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Grid system tackles the traffic of aircraft component work

Bombardier's pallet systems
Subplates, bushings and threaded inserts on Bombardier’s pallet systems reduce set up time and improve part quality.

Sub-plates with hardened precision bushings and hardened threaded inserts on a 2-in. grid system make all the difference at Bombardier Aerospace in Wichita, Kan. The facility, which produces Bombardier Learjet Models 40, 45 and 60 business jets, uses the setup system to easily run 800 different parts through two cells and machine monolithic parts in single clampings – resulting in a 91-percent savings in set-up time and an 81-percent savings on cycle time over an old dedicated system.

Bombardier was running 240 different parts through a cell comprised of four horizontal, 4-axis machines with a 28-pallet system and one vertical, 5-axis machine with an 8-pallet system. Then a project requiring increased productivity came in, and Drew Hanus, methods engineer at Bombardier, contacted Advanced Machine & Engineering for help.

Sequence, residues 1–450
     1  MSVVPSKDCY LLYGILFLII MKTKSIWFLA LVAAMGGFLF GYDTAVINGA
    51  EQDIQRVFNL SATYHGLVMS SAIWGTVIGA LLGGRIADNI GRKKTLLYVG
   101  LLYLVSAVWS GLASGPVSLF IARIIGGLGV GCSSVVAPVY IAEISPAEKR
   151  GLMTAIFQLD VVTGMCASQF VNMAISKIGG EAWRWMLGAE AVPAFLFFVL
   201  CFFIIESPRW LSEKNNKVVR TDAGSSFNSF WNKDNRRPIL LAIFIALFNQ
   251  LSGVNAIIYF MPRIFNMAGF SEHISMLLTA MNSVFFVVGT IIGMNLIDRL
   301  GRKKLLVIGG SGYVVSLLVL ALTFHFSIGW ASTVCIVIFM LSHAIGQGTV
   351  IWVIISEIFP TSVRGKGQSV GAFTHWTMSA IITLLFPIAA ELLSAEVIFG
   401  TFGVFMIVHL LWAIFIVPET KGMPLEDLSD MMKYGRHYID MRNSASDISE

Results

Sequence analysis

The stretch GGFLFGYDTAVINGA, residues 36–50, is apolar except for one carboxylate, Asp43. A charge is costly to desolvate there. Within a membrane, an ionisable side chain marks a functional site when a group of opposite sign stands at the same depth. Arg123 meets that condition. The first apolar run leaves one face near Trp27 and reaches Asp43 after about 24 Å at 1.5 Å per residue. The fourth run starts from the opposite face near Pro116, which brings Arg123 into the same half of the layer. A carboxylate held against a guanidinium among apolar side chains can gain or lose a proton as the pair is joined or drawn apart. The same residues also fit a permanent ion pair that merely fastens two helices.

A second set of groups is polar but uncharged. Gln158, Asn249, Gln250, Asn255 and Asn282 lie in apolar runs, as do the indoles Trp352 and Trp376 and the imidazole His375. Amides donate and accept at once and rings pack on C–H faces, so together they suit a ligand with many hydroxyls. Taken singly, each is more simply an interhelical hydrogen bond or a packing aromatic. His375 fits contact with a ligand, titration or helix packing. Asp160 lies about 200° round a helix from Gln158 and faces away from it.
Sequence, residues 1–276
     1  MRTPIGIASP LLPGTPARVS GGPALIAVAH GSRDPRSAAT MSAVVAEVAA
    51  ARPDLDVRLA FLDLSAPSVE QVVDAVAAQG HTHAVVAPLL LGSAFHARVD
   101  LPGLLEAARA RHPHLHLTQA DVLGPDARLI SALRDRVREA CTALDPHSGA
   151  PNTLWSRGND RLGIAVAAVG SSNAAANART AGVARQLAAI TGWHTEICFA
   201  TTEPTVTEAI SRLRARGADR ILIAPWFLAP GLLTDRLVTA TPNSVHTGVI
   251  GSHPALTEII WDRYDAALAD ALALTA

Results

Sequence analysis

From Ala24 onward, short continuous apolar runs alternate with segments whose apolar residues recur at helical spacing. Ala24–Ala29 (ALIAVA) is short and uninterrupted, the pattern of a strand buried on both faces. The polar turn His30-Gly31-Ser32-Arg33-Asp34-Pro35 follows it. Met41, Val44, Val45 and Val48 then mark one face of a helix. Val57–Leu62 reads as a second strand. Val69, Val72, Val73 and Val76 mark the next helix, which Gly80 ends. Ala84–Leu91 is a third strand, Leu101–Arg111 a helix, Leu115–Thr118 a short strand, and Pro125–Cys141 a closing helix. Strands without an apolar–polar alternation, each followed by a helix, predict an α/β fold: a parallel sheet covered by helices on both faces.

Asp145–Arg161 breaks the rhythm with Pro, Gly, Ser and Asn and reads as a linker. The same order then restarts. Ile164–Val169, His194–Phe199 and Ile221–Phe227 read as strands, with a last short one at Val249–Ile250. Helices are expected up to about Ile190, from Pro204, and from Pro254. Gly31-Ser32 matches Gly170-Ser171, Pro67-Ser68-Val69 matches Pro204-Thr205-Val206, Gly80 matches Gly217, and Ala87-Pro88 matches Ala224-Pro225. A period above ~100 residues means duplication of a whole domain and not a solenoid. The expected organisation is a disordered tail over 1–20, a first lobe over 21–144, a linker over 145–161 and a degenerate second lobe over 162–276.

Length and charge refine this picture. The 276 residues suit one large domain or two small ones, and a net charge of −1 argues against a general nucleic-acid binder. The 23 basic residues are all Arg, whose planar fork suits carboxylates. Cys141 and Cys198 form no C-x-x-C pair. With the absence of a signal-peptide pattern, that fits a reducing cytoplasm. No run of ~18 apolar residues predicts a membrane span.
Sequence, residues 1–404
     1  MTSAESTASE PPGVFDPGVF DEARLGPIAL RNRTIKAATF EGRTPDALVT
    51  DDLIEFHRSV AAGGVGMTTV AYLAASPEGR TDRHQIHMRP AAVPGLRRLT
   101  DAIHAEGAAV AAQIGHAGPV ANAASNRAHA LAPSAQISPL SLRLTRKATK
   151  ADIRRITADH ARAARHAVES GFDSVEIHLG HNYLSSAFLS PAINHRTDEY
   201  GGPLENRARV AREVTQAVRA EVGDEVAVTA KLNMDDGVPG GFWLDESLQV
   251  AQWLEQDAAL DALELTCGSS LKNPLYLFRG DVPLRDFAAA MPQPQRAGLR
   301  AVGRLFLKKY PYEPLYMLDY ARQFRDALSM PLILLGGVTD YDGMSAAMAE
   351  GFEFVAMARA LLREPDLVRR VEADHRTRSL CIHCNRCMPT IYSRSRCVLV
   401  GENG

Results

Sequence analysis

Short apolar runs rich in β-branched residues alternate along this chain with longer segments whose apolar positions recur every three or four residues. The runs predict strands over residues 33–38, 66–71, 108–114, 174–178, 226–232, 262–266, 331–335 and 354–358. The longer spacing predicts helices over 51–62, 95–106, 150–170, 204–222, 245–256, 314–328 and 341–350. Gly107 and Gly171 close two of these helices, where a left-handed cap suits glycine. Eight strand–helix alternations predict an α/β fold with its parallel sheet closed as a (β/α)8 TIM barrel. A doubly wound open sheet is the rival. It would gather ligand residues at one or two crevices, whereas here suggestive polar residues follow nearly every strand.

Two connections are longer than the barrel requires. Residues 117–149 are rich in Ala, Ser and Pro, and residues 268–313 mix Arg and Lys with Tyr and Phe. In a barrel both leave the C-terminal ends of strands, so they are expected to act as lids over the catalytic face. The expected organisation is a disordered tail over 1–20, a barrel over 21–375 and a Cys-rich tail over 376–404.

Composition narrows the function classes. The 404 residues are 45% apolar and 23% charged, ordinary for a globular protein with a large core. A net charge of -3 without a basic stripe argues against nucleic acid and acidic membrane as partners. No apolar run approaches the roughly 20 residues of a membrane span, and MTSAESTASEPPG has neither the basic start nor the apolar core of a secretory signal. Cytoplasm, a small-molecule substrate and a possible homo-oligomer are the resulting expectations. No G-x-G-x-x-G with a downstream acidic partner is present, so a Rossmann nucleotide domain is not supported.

Hanus was familiar with Advanced Machine & Engineering’s products and had previous experience with the company, so he was receptive when shown the advantages of the setup system.

Advanced Machine & Engineering demonstrated how Hanus could change parts quickly from one setup to the next and how grid tombstones and plates, along with modular components, would allow him to locate and align extremely accurately and quickly on the 2-in. precision grid system.

Hanus purchased several full-grid tombstones to be used with the shop’s palletized system along with sub-plates, components and precision dowel screws, which could be used for locating fixture plates onto tombstones or the pallets for fast changeovers.

Advanced Machine & Engineering incorporated bushings and threaded inserts, along with locating and mounting holes into Bombardier’s pallets. After integrating the grid system into the pallets, Advanced Machine & Engineering inspected the system on a CMM and added calibration blocks to check the probe for repeatability of the machines. These show when and where adjustments are needed to hold 0.0002-in. accuracy. A rotary axis check also was conducted on the fourth axis rotary table to ensure accuracy.

“The new system played a major role in allowing us to achieve our Six Sigma goals for this segment of our fabrication process,” Hanus said. “We now have improved set-up time, are producing better quality parts and saving money in the long run.”

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